Rwanda's Kagame attacks UN, Human Rights Watch
By Adrian Croft
LONDON (Reuters) - Rwandan President Paul Kagame attacked the United Nations on Thursday over a leaked report saying Rwandan troops may have committed genocide and criticised a rights group that found fault with last month's election.
Rwanda threatened to pull out its troops from U.N. peacekeeping missions last month after the leaked report on crimes alleged to have been committed by various forces in the Democratic Republic of Congo during the 1990s, including the charge that Rwandan troops may have committed genocide.
Asked if the report damaged his legitimacy, Kagame said: "I don't imagine that my legitimacy is something that would just be washed away by such allegations."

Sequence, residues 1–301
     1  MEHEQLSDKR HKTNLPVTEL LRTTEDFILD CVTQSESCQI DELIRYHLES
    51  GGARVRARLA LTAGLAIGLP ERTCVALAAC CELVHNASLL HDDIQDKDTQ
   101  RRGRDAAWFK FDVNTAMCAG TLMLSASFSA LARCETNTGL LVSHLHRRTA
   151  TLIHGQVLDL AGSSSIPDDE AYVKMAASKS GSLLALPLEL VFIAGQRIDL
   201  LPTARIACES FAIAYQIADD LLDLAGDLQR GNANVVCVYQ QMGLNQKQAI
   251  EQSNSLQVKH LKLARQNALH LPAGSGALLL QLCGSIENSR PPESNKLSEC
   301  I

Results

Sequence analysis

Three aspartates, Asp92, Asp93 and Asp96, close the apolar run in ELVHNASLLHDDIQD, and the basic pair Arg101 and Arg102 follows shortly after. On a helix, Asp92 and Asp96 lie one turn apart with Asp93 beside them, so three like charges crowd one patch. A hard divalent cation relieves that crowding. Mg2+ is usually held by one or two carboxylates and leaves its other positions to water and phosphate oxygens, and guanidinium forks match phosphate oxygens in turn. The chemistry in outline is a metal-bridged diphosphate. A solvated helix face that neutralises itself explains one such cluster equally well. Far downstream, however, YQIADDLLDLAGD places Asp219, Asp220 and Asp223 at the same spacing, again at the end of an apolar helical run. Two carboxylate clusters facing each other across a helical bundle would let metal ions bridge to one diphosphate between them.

Kagame, answering reporters' questions after giving a speech at London's International Institute for Strategic Studies, said the allegations in the U.N. report were "baseless and totally untrue and flawed in many ways, right from the authors of the report to the methods used".
"If there was anything to be questioned about anything that could have gone wrong either in the Congo or the Great Lakes region or particularly in Rwanda, it should have been the U.N. to really be held accountable for that," he said.
U.N. Secretary-General Ban Ki-moon took Rwanda's threat to withdraw peacekeepers so seriously he flew to Rwanda last week to talk to Kagame. Ban said they had agreed on the importance of Rwanda staying in peacekeeping operations.
Kagame said the countries mentioned in the report were working with the U.N. "to find where to place the problems they referred to".
RIGHTS GROUP CRITICISED Continued...